Henry Rodriguez continues to not get it done as the Nationals closer. Last night he came into the game to lock down a 2-0 lead in the ninth. Then he walked a guy, gave up a single and uncorked two wild pitches. The dude he walked came around to score and Sean Burnett had to, once again, close things out.
Davey Johnson has had a tremendous amount of patience with Rodriguez — you gotta give high-90s gas all of the chances you can — but it sounds like he’s had enough:
Can’t blame him. You figure that committee will consist of Craig Stammen, Sean Burnett, Tyler Clippard and, when there’s a three-run lead and other offense doesn’t seem that dangerous — some opportunities for Rodriguez too.
Mike Puma of the New York Post reports that Mets GM Brodie Van Wagenen has been issuing managerial orders from home. Citing an anonymous industry source, Van Wagenen made the call to remove Jacob deGrom from his June 1 start against the Diamondbacks in the seventh inning due to a hip cramp. deGrom was visibly frustrated with his removal.
According to Puma’s source, Van Wagenen was watching the game on TV at home. He communicated with a member of the team support staff that deGrom should be removed from the game. Word got to Callaway, who went to the mound and took out his starter. Furthermore, some in the Mets’ clubhouse were miffed that Van Wagenen didn’t take credit for the decision because it looked like deGrom and Callaway were at odds with each other.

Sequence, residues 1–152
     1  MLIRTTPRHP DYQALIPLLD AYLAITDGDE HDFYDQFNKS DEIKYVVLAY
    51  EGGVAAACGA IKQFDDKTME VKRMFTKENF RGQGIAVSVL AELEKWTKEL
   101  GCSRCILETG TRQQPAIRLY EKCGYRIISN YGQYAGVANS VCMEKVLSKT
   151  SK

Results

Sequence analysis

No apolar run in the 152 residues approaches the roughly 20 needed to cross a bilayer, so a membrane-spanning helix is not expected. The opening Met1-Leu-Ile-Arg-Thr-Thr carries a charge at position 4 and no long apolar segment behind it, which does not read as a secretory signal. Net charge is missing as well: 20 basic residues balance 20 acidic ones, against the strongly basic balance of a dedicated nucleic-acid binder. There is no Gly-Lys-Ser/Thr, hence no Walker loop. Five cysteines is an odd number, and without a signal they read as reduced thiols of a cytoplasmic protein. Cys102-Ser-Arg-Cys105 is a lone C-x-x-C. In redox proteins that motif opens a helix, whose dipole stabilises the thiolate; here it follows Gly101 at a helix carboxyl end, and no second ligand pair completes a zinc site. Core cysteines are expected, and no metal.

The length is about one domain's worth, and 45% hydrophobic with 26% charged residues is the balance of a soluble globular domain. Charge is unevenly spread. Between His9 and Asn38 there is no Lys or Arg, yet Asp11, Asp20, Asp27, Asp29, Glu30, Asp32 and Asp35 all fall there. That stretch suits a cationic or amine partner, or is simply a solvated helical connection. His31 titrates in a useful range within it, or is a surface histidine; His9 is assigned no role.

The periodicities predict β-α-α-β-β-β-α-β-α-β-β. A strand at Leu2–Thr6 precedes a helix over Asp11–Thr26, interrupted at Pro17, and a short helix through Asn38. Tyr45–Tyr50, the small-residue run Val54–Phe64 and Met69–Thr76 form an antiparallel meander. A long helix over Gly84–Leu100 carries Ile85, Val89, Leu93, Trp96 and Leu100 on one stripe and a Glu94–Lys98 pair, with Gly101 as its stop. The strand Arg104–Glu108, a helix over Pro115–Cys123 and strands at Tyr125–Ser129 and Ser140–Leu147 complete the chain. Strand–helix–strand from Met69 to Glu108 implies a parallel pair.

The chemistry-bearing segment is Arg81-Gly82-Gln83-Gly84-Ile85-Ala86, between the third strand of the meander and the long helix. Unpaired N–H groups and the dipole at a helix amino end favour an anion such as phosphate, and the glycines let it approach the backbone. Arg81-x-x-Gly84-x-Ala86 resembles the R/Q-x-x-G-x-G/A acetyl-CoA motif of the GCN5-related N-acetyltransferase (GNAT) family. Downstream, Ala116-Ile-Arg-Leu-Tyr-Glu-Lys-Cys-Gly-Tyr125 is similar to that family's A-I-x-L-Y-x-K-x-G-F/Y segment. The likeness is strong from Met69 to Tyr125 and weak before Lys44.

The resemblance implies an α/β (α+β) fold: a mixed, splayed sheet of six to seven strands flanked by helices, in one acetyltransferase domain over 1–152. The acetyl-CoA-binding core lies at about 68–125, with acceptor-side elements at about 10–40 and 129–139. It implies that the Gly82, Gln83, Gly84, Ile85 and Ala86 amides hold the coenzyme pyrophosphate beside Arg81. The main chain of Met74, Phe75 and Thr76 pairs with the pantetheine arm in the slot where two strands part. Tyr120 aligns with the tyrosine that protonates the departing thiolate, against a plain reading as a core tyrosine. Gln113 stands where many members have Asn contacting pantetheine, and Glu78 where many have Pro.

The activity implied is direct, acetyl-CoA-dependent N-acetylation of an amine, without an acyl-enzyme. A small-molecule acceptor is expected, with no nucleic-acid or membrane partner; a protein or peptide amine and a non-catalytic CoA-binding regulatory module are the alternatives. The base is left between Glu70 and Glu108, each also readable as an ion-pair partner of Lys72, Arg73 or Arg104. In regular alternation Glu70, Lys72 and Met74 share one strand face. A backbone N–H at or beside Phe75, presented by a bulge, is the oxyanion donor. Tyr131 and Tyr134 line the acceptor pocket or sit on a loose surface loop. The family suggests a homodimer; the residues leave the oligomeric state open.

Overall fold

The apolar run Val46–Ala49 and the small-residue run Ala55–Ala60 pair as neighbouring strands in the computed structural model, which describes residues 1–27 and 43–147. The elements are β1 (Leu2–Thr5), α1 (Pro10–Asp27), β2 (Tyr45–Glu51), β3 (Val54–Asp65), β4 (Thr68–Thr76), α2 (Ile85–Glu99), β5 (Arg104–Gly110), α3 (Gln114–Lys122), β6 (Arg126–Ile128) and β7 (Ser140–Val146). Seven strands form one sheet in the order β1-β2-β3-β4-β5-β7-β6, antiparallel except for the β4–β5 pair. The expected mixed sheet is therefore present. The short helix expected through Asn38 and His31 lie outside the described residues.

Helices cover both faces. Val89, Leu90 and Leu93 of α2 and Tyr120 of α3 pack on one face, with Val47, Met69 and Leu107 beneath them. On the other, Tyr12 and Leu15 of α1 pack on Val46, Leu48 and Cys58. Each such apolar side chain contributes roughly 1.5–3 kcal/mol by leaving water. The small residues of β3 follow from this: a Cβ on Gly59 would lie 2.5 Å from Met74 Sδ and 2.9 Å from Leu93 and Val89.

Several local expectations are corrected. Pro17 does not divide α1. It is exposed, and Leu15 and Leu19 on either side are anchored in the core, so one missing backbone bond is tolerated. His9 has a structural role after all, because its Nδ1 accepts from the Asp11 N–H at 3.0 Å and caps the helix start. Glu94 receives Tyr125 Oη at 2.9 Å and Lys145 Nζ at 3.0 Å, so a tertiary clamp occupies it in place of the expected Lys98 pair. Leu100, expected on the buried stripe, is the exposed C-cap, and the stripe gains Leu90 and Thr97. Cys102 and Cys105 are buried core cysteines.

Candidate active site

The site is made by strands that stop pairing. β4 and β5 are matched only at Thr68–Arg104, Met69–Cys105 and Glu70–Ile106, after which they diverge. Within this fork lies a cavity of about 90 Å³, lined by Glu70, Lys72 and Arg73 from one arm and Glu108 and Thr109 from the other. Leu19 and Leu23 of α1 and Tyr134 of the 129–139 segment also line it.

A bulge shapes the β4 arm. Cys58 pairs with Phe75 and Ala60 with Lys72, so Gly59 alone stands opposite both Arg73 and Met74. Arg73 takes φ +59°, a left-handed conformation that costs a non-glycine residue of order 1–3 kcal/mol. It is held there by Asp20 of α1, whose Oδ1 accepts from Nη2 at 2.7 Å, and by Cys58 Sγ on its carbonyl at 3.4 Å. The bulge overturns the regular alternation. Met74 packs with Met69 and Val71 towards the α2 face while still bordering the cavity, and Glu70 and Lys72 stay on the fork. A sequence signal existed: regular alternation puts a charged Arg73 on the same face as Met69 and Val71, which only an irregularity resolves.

Puma also notes that the decision to limit closer Edwin Díaz’s innings is also Van Wagenen’s. Díaz was not used in Sunday’s loss against the Cubs. Javier Báez ended up hitting a go-ahead three-run home run off of Seth Lugo. Callaway was questioned for choice not to use Díaz after the game, which resulted in a brouhaha in the clubhouse.
A veteran executive of another team said that a GM issuing managerial directives would be “unusual” and “crossing the line.” He added, “I have never seen that done, personally.”
Van Wagenen insisted, “Mickey has control of baseball decisions.”
In a season marked by dysfunction, things may be even more dysfunctional within the Mets organization than we knew.